Need for Adaptive Change
The production, manufacture, distribution, and transportation (PMDT) system was built around the assumption that our climate was stable. Over the last 39 years we have witnessed a 200-400% increase in the four categories dealing with extreme weather and disaster. The PMDT is under continuous stress from extreme weather events and disruptions to any of these systems can result in shortages and price increases for food. In order to maintain an acceptable level of living we must consider adaptations to every facet of our lifestyle.
Our current assessments of global food production have been commented on in previous posts. The recent trend in food production has shown a downward trend for staple crops. Wheat production was the lowest in a hundred years for the states (Hoener, 2018, para.2) while breadbasket regions such as Russia, Ukraine, Europe, and Canada have struggled to produce a surplus (Sterk, 2019, para.3). Along with production declines, use of what is being produced is increasing, and storage of carryover is declining, the result of which makes manufacturers reconsider and use alternative ingredients and practices.
Update: The USDA has decided not to survey the loss of stocks in the Midwest Flood affected areas (Ingwersen, 2019, para. 1). Previous to this is the context that wheat production for the last two years has been the lowest in a century. Also, the area will be unable to produce crops due to the time needed to dry and prep for crops which will further reduce national production and stocks.
The result of decreased production of staple crops has made manufacturers reassess production practices and products. For example, it was reported that saw dust was put into bread as a filler material, listed in the ingredient list as cellulose (Wagner, 2017, para. 12). Another trend is portion and serving sizes have decreased based on rising commodity prices and is called Shrinkflation (Charlebois, 2018, para.3). These practices serve to maintain the profitability of selling food while preserving the illusion of plenty. Given current trends, at some point it will become obvious that these measures will no longer work and it will become glaringly obvious that food will become costly.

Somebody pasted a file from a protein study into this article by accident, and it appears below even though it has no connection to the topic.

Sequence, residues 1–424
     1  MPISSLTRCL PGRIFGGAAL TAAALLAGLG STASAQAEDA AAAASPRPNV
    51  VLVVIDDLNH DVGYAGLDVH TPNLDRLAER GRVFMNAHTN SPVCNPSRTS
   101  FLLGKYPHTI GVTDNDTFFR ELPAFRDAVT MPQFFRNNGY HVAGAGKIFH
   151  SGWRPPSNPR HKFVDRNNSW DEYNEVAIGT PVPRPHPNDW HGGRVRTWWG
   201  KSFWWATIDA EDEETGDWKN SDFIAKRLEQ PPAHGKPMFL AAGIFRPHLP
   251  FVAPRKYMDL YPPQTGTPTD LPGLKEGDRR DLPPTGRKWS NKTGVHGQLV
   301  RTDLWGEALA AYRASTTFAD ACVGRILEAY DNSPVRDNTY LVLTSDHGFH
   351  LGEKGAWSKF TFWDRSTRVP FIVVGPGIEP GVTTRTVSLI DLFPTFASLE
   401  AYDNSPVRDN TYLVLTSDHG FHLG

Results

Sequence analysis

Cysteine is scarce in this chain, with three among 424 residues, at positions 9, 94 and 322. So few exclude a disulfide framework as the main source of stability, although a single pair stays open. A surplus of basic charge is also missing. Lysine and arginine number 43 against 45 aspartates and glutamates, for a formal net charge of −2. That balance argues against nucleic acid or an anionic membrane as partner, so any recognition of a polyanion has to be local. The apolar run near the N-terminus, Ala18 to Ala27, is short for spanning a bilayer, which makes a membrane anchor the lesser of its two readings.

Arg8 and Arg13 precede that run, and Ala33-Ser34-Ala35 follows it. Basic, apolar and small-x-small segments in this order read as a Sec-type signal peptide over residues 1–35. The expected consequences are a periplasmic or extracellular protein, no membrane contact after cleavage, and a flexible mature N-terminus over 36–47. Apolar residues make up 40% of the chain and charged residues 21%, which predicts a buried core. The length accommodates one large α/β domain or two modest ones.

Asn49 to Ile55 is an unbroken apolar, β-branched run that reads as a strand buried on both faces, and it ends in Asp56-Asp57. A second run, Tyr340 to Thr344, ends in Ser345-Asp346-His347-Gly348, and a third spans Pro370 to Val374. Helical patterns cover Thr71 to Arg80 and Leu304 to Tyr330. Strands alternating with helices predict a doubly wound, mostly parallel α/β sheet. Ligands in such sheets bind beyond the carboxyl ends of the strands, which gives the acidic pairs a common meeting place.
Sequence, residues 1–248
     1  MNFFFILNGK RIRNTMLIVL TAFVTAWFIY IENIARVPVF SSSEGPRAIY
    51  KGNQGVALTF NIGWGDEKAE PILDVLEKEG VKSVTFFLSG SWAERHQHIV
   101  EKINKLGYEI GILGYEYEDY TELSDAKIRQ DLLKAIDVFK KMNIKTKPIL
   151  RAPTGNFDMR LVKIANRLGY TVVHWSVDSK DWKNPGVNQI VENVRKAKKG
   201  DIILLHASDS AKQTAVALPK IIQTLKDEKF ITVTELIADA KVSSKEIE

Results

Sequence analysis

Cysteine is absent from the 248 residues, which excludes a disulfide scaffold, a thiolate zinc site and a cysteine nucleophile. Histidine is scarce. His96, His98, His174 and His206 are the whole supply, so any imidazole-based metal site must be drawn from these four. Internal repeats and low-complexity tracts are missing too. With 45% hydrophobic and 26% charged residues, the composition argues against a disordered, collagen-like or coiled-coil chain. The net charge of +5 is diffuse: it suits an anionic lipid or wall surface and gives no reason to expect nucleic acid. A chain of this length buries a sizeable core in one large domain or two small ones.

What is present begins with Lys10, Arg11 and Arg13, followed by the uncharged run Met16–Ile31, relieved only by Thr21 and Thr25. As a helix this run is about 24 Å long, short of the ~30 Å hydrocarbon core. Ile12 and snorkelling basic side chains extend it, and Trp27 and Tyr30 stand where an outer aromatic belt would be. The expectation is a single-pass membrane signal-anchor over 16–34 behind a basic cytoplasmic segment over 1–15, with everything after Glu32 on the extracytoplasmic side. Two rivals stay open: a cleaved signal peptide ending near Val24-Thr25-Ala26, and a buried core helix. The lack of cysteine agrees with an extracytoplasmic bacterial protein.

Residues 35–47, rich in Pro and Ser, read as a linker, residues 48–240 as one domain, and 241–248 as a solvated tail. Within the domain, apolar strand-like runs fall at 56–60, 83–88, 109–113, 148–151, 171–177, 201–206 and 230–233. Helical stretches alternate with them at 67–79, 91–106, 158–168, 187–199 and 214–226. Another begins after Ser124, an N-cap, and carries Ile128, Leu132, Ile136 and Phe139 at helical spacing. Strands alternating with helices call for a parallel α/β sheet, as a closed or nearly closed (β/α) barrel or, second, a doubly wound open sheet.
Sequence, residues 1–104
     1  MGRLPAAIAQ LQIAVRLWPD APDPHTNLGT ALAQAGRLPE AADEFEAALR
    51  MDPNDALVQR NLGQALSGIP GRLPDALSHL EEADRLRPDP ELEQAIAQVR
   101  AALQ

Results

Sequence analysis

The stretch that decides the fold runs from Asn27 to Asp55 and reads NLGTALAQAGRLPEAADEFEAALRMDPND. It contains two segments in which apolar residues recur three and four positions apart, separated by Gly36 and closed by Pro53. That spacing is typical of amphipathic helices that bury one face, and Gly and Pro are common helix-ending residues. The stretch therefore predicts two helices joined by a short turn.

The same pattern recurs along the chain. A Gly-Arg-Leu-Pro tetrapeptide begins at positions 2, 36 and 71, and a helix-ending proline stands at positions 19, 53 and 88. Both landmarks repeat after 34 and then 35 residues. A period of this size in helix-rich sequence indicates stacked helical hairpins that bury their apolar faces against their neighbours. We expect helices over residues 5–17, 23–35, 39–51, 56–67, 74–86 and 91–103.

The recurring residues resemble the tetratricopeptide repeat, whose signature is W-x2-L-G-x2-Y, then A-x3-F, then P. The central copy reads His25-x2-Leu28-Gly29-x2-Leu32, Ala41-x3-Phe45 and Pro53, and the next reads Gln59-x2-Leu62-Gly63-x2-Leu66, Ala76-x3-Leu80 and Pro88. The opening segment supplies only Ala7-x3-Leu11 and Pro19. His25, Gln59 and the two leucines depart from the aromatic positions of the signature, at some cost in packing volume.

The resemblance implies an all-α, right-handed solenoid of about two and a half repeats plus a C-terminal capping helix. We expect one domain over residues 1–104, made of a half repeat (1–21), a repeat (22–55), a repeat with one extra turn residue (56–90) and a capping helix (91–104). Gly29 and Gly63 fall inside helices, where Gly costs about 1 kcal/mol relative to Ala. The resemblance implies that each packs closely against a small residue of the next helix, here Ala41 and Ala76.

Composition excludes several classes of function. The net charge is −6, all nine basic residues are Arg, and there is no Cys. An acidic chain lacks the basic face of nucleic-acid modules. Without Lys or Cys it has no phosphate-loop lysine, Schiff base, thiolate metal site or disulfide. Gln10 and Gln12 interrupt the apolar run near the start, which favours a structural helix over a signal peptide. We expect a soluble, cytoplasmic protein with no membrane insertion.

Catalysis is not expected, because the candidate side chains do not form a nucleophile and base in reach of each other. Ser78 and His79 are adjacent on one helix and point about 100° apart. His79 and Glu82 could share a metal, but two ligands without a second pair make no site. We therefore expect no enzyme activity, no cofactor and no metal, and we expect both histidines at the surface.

The distribution system along with other systems in our food systems was created and maintained in the premise that we had stable climatic conditions. The distribution system is how our food is delivered to grocers and to our plate.
The Just In Time (JIT) delivery system is what is used in our supermarkets distribution system. The JIT track purchases and created a forecast of needed products which arrive in time. There is no long term storage capacity for foods at food supermarkets or superstores. Any disruptions to the JIT System can result in product shortages. (Keeling, 2011, para. 8). Since we are experiencing extreme weather as a result of destabilizing climatic condition, all other supporting systems are experiencing delays which reverberate through our distribution system.
Update: The Midwest Floods affected an area that is central to distribution, many roads and railways were destroyed (Transportation Impacts of Midwest Flooding, para.2). Production and stocks were greatly affected but also the distribution system needed to transport from field to manufacturing or market.